Burlington City Arts

Jessica Segall

Jessica Segall is an artist and musician living in New York City. A multidisciplinary artist, Segall works in video, live performance and performative objects. Borrowing from a lexicon of folk music, childrens' television, homesteads and Bollywood, Segall addressess ideas of individual and collective potential through humor, and elbow grease. Segall received her MFA from Columbia University in 2010 and her BA from Bard College in 2000. Her video work has been shown at the Havana Bienal in Cuba, The National gallery of Indonesia, The Queens Museum and at Scaramouche in New York City.


Scott Lenhardt

Taking inspiration from classic fantasy artist Frank Frazetta, snowboarding culture and his own native Vermont landscape, Scott Lenhardt envelops viewers in a parallel reality of imaginary places and invented beings. At The Barn, Scott spent nearly every day in the forest painting from nature, a subject typically out of reach for his New York City-based practice.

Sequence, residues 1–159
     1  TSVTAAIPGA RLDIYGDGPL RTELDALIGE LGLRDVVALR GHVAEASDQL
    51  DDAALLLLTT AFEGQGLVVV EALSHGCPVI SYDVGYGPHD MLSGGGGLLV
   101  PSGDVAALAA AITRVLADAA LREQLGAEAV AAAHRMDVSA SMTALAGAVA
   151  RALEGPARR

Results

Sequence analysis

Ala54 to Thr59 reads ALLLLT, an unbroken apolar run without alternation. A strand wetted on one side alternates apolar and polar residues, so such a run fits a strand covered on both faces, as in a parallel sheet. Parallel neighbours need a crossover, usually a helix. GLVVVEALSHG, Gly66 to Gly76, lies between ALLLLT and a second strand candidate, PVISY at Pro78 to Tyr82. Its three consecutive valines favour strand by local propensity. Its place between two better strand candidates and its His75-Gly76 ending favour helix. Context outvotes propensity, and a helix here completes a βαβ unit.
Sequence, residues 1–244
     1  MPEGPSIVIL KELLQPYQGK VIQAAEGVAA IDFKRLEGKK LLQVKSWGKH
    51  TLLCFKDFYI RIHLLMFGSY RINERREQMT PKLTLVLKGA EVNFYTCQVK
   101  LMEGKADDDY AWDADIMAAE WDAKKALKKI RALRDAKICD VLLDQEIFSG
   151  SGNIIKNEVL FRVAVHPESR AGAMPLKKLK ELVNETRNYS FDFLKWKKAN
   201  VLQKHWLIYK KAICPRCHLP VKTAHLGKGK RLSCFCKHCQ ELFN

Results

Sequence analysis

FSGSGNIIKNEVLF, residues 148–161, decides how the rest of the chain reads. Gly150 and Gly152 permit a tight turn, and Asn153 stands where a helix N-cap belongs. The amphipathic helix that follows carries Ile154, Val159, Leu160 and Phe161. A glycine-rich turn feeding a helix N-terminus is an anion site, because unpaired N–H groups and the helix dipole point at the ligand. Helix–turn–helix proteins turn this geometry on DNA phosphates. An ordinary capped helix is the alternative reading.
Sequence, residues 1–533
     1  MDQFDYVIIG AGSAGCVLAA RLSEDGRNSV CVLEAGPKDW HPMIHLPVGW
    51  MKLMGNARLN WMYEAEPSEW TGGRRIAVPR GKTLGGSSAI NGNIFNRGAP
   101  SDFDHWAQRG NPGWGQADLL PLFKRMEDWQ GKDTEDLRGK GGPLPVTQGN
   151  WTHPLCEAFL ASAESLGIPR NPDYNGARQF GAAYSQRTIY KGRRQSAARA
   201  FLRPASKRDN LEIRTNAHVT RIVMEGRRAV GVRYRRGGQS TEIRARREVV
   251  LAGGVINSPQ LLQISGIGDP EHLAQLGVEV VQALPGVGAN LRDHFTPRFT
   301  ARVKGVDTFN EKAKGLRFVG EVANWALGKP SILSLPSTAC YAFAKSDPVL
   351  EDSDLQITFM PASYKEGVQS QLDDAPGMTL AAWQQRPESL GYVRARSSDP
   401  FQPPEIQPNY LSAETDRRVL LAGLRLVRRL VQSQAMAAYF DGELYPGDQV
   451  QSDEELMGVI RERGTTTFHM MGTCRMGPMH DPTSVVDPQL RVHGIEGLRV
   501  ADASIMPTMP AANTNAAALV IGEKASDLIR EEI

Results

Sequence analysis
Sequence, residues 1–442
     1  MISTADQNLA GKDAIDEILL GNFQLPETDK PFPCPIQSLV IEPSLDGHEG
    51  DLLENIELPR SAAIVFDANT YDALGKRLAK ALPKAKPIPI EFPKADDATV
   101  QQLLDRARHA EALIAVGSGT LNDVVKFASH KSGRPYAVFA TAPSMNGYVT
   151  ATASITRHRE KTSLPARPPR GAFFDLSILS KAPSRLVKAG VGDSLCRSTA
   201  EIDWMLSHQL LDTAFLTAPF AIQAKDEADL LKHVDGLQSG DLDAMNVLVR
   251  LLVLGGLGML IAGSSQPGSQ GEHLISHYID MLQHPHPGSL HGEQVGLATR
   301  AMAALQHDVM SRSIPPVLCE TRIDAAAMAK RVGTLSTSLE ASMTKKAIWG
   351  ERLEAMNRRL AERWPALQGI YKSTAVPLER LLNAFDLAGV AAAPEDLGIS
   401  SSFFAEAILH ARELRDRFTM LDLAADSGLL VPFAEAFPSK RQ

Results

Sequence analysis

Fabric of Life

University of Vermont Medical Center
2009, copper and steel
The Fabric of Life recognizes the power of healing and wellness that takes place at Fletcher Allen. An ornate quilt recognizes the potential of our hands and minds working together to create health and well-being.

Photo courtesy of Kat Clear



Sky Gates

Burlington International Airport
2004, acrylic and mixed media


Mermaid House

84 North Avenue
2003, patinated forton with copper, stainless steel, fiberglass


Sculpture On The Highway

I-89, Williston, Southbound rest area
1971, concrete


Brownstone Ball

Lakeside Avenue
Installed 2003, mixed media
Brownstone Ball’s original concept was inspired by the brownstone buildings in Brooklyn, NY, which was for a long time the blue collar community for industrial Manhattan. Brownstone Ball makes an easy symbolic connection to the Lakeside Avenue neighborhood, where Burlington’s industrial workers historically took up residence to work in the many factories that existed there. The General Dynamics building now sustains jobs in technological fields that have replaced many mechanized industries.